From Big Think.
This interview is an episode from @The-Well, our publication about ideas that inspire a life well-lived, created with the @JohnTempletonFoundation.
Aided by best-selling psychology books of the last decade, such as Bessel van der Kolk’s The Body Keeps the Score, discussions about trauma and how to deal with it have entered popular public discourse. From police departments to school classrooms, trauma-informed approaches have taken center stage.
But leading neuroscientist Lisa Feldman Barrett challenges the popular notion that trauma resides solely in the body. She asserts that trauma is rooted in the brain’s predictions and the construction of our experiences. When an adverse experience becomes traumatic, the brain heavily weighs and anticipates that experience in its future predictions. This ongoing prediction and re-experiencing of the traumatic event strengthens the neural connections associated with it, making the predictions more likely to occur in the future.
Rather than focusing on the body as the site of healing, she suggests that changing the brain’s models of prediction is what needs to be addressed to break free from the cycle of trauma. By understanding the role of predictions and the brain’s plasticity, Feldman Barrett offers hope for transforming traumatic experiences and finding new, lasting paths to healing.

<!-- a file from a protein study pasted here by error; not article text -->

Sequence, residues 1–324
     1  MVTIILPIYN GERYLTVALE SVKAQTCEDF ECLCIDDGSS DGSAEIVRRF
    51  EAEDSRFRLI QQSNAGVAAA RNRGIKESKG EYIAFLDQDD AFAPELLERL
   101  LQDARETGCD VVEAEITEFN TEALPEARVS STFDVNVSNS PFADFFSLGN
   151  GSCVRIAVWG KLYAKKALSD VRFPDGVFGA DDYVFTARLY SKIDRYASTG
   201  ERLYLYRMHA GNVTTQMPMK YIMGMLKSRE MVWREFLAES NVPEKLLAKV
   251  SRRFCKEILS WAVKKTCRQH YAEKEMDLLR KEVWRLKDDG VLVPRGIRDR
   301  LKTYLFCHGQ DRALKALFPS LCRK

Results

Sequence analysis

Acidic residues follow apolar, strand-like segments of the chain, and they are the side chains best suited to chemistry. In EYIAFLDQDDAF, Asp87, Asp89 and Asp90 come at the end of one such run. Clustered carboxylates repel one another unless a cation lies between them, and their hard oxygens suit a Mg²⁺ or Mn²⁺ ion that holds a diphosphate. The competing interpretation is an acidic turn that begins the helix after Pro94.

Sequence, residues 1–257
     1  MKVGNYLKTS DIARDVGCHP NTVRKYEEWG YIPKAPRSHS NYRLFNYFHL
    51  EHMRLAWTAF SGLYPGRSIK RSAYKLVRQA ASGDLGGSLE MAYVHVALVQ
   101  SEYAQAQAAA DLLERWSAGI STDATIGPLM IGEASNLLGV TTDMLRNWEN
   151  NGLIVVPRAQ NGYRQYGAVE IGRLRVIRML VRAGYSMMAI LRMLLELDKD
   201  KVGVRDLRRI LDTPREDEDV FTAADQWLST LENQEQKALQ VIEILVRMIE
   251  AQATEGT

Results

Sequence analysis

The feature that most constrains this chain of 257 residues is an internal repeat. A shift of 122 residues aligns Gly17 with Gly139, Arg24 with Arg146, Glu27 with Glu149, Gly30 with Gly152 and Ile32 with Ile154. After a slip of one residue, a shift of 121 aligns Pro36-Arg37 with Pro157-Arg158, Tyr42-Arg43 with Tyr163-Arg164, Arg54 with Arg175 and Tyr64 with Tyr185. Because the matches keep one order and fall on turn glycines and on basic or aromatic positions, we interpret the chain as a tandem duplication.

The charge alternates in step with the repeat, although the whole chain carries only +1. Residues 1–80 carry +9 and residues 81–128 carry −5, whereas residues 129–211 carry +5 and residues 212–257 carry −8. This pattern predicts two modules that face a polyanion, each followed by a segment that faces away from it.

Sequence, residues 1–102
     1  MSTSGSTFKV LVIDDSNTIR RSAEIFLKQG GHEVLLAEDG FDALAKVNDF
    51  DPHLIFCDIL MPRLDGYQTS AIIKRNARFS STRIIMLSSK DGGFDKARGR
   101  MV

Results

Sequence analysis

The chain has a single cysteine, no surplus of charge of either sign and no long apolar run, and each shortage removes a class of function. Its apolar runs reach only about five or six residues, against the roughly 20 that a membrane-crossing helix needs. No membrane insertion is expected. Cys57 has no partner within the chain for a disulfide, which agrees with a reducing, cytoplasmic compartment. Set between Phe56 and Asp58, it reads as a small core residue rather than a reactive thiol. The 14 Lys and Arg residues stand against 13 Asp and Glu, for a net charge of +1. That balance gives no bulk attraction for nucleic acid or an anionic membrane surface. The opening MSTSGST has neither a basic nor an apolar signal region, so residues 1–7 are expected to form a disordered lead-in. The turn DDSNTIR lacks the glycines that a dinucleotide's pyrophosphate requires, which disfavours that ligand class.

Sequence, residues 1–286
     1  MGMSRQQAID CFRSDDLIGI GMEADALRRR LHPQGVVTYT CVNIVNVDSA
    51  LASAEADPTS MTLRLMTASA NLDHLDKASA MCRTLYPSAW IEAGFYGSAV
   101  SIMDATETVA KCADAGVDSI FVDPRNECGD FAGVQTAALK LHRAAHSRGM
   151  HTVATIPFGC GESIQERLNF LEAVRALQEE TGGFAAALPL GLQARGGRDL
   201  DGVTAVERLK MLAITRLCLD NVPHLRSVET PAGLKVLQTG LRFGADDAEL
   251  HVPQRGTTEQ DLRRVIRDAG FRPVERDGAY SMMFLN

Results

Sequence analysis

0:00 Why your brain creates trauma
1:44 Does your body keep the score?
2:53 Effective treatments for trauma
4:33 Trauma IS in your head (but everything else is too)
About Lisa Feldman Barrett:
Dr. Lisa Feldman Barrett is among the top 1% most-cited scientists in the world, having published over 250 peer-reviewed scientific papers. Dr. Barrett is a University Distinguished Professor of psychology at Northeastern University with appointments at Harvard Medical School and Massachusetts General Hospital, where she is Chief Science Officer for the Center for Law, Brain & Behavior. She is the recipient of a NIH Director’s Pioneer Award for transformative research, a Guggenheim Fellowship in neuroscience, the Mentor Award for Lifetime Achievement from the Association for Psychological Science (APS) and from the Society for Affect Science (SAS), and the Distinguished Scientific Contribution Award from the American Psychological Association (APA). She is an elected fellow of the American Academy of Arts and Sciences, the Royal Society of Canada, and a number of other honorific societies. She is the author of How Emotions are Made: The Secret Life of the Brain, and more recently, Seven and a Half Lessons About the Brain.
Read more from The Well:
The hero of the Anthropocene has 8 billion faces — one of them is yours
Theology professor: “Ancient Aliens” is fantasy fiction for atheists
Why the search for meaning is not a job for science — or religion
About The Well
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